As we approach that time of year when parents are dealing with the toy shopping frenzy, there are those sensitive to the fact that some lil' boys don't want to be butch, and some lil' girls refuse the tyranny of the Easy-Bake Oven. Well Swedish retailer Top-Toy, a licensee of the Toys 'R' Us brand, has thrown off the gender shackles and features boys doing domestic duties (trumped up as play) and girls get armed with guns (not something that seems particularly smart, but kids will be kids). Is this "gender-neutral" imaging, or just savvy marketing?
In a country of 9 million people, gender equality is seen as a bedrock principle of a productive workforce and a healthy welfare state. Sweden needs women in the labor force to maintain output. State-funded child care structures put in place after World War II have enabled women to return to work after having children, and four different government entities are devoted to the issue.
Mr. Nyberg said the changes reflect cultural trends. "We want our catalog to reflect how kids are playing today," he said. "It's important for us to be modern."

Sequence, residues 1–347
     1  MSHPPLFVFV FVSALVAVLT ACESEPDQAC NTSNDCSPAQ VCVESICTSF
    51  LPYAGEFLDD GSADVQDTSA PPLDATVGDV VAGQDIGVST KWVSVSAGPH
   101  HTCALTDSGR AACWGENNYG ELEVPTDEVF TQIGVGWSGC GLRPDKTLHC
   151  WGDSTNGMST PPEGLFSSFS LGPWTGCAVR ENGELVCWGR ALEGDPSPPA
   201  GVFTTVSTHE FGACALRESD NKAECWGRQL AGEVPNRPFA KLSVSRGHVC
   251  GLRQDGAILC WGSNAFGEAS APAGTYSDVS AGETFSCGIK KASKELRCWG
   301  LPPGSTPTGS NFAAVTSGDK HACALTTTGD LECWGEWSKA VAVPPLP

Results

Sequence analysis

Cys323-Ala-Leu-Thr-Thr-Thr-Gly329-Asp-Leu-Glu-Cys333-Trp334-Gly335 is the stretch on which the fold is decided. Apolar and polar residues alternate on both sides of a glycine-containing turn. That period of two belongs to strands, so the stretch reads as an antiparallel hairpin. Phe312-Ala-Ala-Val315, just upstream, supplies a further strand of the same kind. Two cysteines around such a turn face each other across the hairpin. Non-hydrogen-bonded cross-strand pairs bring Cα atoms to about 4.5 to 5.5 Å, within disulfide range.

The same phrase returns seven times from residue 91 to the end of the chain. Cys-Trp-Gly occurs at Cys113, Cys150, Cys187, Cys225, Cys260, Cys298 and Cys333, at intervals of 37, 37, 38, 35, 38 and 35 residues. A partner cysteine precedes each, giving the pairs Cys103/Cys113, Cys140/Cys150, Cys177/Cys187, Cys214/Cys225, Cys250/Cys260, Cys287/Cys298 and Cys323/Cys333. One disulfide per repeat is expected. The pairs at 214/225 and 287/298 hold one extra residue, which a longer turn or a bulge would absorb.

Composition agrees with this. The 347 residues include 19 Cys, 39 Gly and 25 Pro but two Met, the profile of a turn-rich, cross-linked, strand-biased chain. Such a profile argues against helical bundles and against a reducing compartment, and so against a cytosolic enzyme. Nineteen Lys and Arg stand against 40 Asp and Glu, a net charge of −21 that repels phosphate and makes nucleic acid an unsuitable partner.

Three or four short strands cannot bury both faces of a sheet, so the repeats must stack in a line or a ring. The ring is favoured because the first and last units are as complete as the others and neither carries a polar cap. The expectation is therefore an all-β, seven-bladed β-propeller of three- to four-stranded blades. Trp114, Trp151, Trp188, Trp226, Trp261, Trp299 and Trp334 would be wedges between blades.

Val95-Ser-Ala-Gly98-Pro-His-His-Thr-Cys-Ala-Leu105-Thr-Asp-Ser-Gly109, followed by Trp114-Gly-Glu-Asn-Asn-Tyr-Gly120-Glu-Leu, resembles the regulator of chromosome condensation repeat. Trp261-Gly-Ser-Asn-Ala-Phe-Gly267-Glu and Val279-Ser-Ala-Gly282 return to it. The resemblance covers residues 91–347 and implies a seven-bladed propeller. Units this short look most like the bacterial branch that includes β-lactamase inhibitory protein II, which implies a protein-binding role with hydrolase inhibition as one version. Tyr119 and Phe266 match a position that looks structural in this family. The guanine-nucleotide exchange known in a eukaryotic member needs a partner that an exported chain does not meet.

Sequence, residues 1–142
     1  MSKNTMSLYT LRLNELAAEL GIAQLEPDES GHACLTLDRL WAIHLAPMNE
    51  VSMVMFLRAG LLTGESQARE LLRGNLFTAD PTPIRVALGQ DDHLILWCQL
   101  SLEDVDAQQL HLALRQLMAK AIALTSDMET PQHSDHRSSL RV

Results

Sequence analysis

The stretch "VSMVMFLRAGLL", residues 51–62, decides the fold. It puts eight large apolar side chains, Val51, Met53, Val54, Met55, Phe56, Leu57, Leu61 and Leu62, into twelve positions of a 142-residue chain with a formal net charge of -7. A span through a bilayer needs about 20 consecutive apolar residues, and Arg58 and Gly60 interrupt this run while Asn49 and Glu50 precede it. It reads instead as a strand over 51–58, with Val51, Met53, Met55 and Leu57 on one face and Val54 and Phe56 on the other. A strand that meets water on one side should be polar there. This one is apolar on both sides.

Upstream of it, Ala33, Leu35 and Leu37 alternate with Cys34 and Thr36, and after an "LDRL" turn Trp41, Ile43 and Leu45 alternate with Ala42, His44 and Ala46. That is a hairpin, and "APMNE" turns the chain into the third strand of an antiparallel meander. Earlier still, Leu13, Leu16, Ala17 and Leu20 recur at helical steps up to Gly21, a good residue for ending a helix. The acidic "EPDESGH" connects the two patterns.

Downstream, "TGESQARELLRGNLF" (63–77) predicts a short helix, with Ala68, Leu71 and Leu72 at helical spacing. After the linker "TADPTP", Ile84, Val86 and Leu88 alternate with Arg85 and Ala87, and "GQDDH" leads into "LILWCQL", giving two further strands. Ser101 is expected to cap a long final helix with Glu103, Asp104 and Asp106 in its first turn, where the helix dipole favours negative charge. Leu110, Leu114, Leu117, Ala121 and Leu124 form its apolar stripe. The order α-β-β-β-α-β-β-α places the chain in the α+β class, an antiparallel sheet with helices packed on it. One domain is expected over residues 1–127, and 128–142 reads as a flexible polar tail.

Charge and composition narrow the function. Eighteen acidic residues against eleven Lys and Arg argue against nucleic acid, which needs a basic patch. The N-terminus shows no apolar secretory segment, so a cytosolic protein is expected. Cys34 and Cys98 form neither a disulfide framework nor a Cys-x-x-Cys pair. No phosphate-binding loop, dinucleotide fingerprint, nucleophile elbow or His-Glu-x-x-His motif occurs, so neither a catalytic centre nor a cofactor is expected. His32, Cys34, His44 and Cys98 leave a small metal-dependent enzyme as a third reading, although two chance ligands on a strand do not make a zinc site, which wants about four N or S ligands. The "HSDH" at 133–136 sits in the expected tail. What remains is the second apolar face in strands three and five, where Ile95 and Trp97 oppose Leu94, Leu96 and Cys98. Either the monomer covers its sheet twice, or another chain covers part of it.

While the boys engaging in "beauty play" is one thing--and certainly something I never saw as a child growing up in the '80s--where are the images of gals getting typically male-focused gear? Is a gun really what we are talking about? Or wouldn't it rather be OK to give her a tool belt?
Honestly, as you start looking at these images, it's all a bit depressing: Instead of allowing a more imaginative approach to play, it appears that we want children to simply become nice little productive members of society and learn a skill like hairdressing or home economics (really, when has ironing or vacuuming EVER been fun?). Where is the swashbuckler or fairy tale imagination? Why must kids just instead of learn to play house?
But, hey, I'm not a parent, just a gay uncle. But I won't be buying a hairdryer for any of my four little nephews. No matter how cute the idea is.